Interleukin 19

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Interleukin 19
IL19 Crystal Structure.png
Crystal structure of human IL-19 based on PDB 1N1F
Available structures
PDB Ortholog search: PDBe, RCSB
Identifiers
Symbols IL19 ; IL-10C; MDA1; NG.1; ZMDA1
External IDs OMIM605687 HomoloGene17813 GeneCards: IL19 Gene
Orthologs
Species Human Mouse
Entrez 29949 329244
Ensembl ENSG00000142224 ENSMUSG00000016524
UniProt Q9UHD0 Q8CJ70
RefSeq (mRNA) NM_013371 NM_001009940
RefSeq (protein) NP_037503 NP_001009940
Location (UCSC) Chr 1:
206.97 – 207.02 Mb
Chr 1:
130.93 – 130.94 Mb
PubMed search [1] [2]

Interleukin 19 is a protein that in humans is encoded by the IL19 gene.[1]

Function[edit]

The protein encoded by this gene is a cytokine that belongs to the IL-10 cytokine subfamily. This cytokine is found to be preferentially expressed in monocytes. It can bind the interleukin-20 receptor complex and lead to the activation of the signal transducer and activator of transcription 3 (STAT3). A similar cytokine in mouse is reported to up-regulate the expression of IL6 and TNF-alpha and induce apoptosis, which suggests a role of this cytokine in inflammatory responses. Alternatively spliced transcript variants encoding the distinct isoforms have been described.[1]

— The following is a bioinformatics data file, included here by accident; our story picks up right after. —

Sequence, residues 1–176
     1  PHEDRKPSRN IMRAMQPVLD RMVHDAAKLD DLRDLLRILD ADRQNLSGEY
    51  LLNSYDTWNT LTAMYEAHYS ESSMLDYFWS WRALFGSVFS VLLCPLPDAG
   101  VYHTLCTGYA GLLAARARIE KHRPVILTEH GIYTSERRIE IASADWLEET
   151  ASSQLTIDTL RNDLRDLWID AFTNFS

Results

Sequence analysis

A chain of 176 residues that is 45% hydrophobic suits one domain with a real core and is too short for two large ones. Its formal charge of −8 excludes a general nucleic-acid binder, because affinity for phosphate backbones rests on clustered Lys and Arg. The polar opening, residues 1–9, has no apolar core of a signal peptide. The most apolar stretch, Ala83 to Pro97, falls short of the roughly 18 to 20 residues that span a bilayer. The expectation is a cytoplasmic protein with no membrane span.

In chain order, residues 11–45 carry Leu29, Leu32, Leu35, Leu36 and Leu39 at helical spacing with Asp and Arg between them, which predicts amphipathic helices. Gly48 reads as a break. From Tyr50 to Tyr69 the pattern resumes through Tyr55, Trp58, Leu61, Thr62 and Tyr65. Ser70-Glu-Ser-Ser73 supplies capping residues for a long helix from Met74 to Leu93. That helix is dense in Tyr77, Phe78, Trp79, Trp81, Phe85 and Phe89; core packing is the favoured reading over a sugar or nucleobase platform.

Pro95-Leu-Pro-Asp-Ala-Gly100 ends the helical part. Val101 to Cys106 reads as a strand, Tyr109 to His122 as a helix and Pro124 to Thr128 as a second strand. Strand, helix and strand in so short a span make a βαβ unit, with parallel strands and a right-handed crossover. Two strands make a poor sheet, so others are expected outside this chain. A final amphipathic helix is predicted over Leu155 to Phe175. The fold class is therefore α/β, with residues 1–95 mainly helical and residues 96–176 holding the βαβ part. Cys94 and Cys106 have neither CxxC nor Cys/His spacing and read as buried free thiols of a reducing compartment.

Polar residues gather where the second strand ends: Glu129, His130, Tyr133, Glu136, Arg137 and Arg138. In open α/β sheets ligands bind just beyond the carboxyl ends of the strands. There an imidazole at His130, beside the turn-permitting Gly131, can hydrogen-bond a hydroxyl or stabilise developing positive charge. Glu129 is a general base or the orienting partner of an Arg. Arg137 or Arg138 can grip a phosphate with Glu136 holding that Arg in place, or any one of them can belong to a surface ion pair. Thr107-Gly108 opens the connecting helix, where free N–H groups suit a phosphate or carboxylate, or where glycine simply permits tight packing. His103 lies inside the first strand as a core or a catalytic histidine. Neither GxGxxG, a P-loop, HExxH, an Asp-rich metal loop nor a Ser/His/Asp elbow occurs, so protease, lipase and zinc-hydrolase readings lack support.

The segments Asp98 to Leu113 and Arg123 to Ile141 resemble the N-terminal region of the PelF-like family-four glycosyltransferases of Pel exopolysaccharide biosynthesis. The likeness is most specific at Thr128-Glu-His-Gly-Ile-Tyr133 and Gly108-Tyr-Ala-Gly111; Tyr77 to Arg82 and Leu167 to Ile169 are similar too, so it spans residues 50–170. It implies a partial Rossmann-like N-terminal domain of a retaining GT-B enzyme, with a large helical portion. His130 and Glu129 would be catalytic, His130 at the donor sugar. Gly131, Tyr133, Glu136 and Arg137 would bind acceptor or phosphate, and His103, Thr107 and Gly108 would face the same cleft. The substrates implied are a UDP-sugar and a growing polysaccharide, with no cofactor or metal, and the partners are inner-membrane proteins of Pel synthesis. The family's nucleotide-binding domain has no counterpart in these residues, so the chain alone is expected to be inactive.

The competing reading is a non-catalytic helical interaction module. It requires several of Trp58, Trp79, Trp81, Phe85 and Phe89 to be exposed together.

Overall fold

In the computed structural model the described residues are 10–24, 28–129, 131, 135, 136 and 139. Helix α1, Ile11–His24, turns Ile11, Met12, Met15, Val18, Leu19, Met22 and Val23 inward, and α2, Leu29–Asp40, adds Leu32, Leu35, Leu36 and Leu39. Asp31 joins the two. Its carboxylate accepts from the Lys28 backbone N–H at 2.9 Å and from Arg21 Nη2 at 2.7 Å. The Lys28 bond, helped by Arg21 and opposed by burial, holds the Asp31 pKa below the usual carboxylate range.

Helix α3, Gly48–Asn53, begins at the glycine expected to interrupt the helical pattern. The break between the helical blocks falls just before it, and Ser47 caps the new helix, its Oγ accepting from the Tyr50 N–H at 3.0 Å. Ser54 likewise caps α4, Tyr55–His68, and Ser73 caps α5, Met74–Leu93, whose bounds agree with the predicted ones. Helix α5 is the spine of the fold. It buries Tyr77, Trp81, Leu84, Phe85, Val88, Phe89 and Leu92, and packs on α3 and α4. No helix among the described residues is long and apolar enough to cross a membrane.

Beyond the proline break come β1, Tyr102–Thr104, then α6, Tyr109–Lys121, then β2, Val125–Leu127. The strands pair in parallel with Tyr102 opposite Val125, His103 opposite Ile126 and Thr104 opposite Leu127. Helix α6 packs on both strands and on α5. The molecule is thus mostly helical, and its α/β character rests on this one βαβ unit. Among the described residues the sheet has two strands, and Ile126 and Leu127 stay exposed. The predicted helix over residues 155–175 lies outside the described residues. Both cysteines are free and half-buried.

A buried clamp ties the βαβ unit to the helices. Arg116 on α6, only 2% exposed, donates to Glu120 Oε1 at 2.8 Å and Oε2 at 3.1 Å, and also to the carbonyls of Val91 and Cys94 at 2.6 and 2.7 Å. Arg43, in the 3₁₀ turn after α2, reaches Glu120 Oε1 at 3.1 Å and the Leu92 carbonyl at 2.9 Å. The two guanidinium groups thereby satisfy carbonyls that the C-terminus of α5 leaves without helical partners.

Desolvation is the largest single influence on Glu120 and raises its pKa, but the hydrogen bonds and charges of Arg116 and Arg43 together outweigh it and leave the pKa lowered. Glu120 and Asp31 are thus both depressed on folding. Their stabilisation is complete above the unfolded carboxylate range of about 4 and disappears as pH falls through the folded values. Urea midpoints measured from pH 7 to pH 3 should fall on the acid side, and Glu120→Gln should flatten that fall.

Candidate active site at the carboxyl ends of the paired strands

Interleukin-19 is a cytokine that belongs to the IL-10 family of cytokines along with several other interleukins including IL-10, IL-20, IL-22, IL-24, IL-26, and several virus-encoded cytokines. It signals through the same cell surface receptor (IL-20R) that is used by IL-20 and IL-24. The IL-19 gene is expressed in resting monocytes and B cells. It is up-regulated in monocytes following stimulation with granulocyte-macrophage colony-stimulating factor (GM-CSF) or lipopolysaccharide.[2]

References[edit]

  1. ^ a b "Entrez Gene: Interleukin 19". 
  2. ^ Chang C, Magracheva E, Kozlov S, Fong S, Tobin G, Kotenko S, Wlodawer A, Zdanov A (January 2003). "Crystal structure of interleukin-19 defines a new subfamily of helical cytokines". J. Biol. Chem. 278 (5): 3308–13. doi:10.1074/jbc.M208602200. PMID 12403790. 

This article incorporates text from the United States National Library of Medicine, which is in the public domain.